Photo Credit; Good Fon
Ego and Suffering
Who are you?
Why can we have a very inspired day and then feel like we have lost it all the following day?
Why might retired sport stars and people from long term work to retirement fall into depression?
How do we find meaning and make sense in our lives?
It all begins with understanding our Ego.
Our Ego is a mental construct that develops over time from influences ranging from culture, our up bringing, social interactions, the media and more. We begin to identify ourselves and define ourselves based on how our ability to interact and compare in the world and to others.
For example if you identify yourselves with money you will feel ‘strong’ when you increase your money but if you ‘lost it all’ you may feel as if your whole world has fallen beneath you.
If you are a writer and you receive a critique you may be very hurt as your Ego has been threatened i.e your view that you are a writer and your identification of yourself in the world has been threatened. In reality you are more than a writer, and you may be a good writer at that, but you have had one bad review on one of your many pieces of writing.
How do we recognise our Ego talk?
A strong example could be if you strongly identify yourself with beauty and you believe life revolves around your image then you may over exercise, have plastic surgery, buy new clothes and more. You may also do this if you feel low as you identify your happiness with your image.
These things do not define who you are and are simply a mental construct that is not true. Your Ego will fight to stay alive and your inner critique or impulsive actions are based on your Ego talking and not your true self.
We can imagine putting all of the things we feel identify us in the world in a metaphorical basket and we are the holder or observer of that basket. We are the observer of our Ego and the Ego does not define us.
Or we can think of moon light as your Ego. The moon appears with the light projected from the sun but we are not the moons projection and we are indeed the sun and the observer of the moon.
What can we do to change this?
‘Never tell a child you have a soul. Teach him, you are a soul; you have a body.‘ – George Macdonald. Credit for this quote from ‘The Way: Finding Peace in Turbulent Times.‘
Vernon Sankey & Katey Lockwood talking above from Improve My World.
When we learn to detach ourselves from our Ego we can listen to our true self.
Feeding our Ego
Emotional Intelligence teaches us that often when we feel happy our needs and values have been met. When we feel sad or lost it is a result of our needs and values not being met. For example a need based on your Ego maybe a need to be complimented for your image and you may value money. A need based on your true self maybe the need for social connection and a value might be that you value nature and kindness. Therefore it is important to understand the difference between our Egos needs and values versus our true self.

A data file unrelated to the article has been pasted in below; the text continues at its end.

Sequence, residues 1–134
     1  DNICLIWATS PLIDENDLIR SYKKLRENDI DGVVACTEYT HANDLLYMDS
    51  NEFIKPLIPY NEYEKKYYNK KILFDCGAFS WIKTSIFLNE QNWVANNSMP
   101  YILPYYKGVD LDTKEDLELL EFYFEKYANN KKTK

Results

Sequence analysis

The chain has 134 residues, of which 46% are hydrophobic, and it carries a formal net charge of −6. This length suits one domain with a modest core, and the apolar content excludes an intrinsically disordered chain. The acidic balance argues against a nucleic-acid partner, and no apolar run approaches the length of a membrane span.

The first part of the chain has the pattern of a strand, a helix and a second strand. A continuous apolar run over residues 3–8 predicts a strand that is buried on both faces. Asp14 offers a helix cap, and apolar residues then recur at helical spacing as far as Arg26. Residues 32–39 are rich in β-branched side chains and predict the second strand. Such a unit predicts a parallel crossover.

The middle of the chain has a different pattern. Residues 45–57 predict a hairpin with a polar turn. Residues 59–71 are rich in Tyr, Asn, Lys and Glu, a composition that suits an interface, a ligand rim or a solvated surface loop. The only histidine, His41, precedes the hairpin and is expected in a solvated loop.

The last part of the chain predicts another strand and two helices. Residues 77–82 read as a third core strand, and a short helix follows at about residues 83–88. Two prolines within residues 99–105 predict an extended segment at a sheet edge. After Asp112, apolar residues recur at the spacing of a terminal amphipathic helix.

This means the deeper needs within not founded on comparability to others and values based around being interconnected.
Matthieu Ricard in his book Altruism: The Science and Psychology of Kindness describes that individualism further feeds the Ego. This is not to say that high self esteem does not bring many health benefits and certainly outweighs low self esteem; but the further feeding of our Ego means we will fall much harder when our Ego is threatened by regional comparisons and also with age for example ‘no longer being the strongest or fastest.’
We must realise that we all interconnected.
Once we begin to see our true self detached from our Ego then we can find inner peace and be comfortable in stillness. We want to focus on becoming the observer of our Ego. With this we can still live life and enjoy what life has to offer but we do not let things in life define us through Ego. We realise that we are all interconnected and can find beauty in the self. We can see the formless nature within ourselves and the worthiness in others and yourself that is not comparable i.e based on the bettering or worsening of others. With thanks also to Eckhart Tolles wisdom.
Wishing you health and well-being.
Thank you for reading.
David Chorlton; Meaningful Paths Founder